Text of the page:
10:012 a.m. Karst: I know you were recently named to the new Produce Traceability Initiative leadership council. What have been your initial impressions about that group and how do you think the industry is dealing with PTI implementation?
10:12 a.m. Danner: The big struggle we have right now is getting to the perception that it is not an association mandated deal, but it is our — the industry’s — initiative. I think a lot of work needs to be done to change that perception. When I talk to people now, they say, “Oh yeah, it is something PMA or United is trying to push down our throats.”
But it is not. The struggle we have is that anytime a company looks at an investment, the first words out of their mouth are “What is the return on investment?” For PTI, you cannot say that you going to invest X and get it back in Y.
What is the ROI? Hopefully safer food, you won’t have the massive recalls, hopefully you won’t have the kneejerk reaction where say (a certain lot of) cilantro is bad and suddenly you don’t want cilantro from anybody. The long term goal of this is that if there is a problem, you hit those lots, you get them out of the system, you destroy them and we move on. Let’s not hurt other suppliers and let’s keep the confidence level of the consumer.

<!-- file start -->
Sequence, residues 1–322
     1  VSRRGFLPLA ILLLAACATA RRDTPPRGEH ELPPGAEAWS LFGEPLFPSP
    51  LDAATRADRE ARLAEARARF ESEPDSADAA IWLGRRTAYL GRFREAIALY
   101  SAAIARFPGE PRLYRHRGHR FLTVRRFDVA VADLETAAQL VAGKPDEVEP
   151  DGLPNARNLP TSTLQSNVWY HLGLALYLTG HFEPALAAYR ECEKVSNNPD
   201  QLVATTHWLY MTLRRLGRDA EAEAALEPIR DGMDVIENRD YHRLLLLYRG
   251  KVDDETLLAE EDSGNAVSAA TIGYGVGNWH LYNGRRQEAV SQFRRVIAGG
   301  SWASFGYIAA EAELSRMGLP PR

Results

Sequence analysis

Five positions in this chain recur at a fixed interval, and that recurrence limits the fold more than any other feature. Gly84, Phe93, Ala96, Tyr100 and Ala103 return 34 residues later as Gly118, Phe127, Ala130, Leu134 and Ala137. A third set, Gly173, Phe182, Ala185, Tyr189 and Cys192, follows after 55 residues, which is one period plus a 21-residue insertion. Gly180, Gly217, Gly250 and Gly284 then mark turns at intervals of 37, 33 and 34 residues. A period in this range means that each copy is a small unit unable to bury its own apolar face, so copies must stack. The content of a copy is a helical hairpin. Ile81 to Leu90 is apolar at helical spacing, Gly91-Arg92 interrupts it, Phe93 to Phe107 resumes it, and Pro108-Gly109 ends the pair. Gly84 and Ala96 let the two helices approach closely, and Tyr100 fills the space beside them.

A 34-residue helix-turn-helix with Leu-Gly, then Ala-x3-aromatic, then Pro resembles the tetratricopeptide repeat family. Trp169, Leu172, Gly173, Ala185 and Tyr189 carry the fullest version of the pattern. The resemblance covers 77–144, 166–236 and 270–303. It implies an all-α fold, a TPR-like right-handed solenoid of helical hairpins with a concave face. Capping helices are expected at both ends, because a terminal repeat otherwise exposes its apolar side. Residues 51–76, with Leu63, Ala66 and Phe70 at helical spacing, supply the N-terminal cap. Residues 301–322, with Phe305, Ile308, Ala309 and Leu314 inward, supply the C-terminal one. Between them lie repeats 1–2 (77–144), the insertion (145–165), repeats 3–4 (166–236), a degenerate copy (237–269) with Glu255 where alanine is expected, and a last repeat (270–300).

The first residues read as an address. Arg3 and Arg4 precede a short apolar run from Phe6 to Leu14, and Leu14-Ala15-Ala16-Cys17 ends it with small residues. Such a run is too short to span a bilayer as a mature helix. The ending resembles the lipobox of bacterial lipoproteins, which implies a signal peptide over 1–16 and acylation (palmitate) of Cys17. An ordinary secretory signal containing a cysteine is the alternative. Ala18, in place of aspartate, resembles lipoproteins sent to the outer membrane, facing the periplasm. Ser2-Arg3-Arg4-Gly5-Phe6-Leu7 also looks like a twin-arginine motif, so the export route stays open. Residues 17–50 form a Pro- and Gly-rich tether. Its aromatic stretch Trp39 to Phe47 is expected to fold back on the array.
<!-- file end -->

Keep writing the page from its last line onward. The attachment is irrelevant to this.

That’s my struggle is try to educate why we are going forward with this and why we need to do it. I don’t think that is the norm right now in the wholesale/distributor sector. You talk to a lot of people on the terminal markets and not a lot of them are going full force on this.
10:14 a.m. Karst: As time goes by, what is your sense of what is going to happen with PTI?
10:15 a.m. Danner: I think it is going to happen, I really do. It is very costly to institute. We need to somehow address those costs because everyone is asking for more, more, more, more and no one wants to pay for it. It is the same thing as a person who walks in and wants a Lexus for a VW price tag. We understand everybody wants it, but is everybody willing to pay the 10 to 20 cents per carton it will probably take? There are a lot of big people there on that PTI council and trust me there have been discussions down that road. I was very, very pleased with our first leadership meeting at PMA. No one held back. There were no bad questions, no bad answers, there was no bad anything. There was a lot nice free speaking and openness and I think we have a helluva leader (Cathy Green of Food Lion) in helping us with that. We need to know what the issues are, and if we don’t’ know what they are we can’t address them.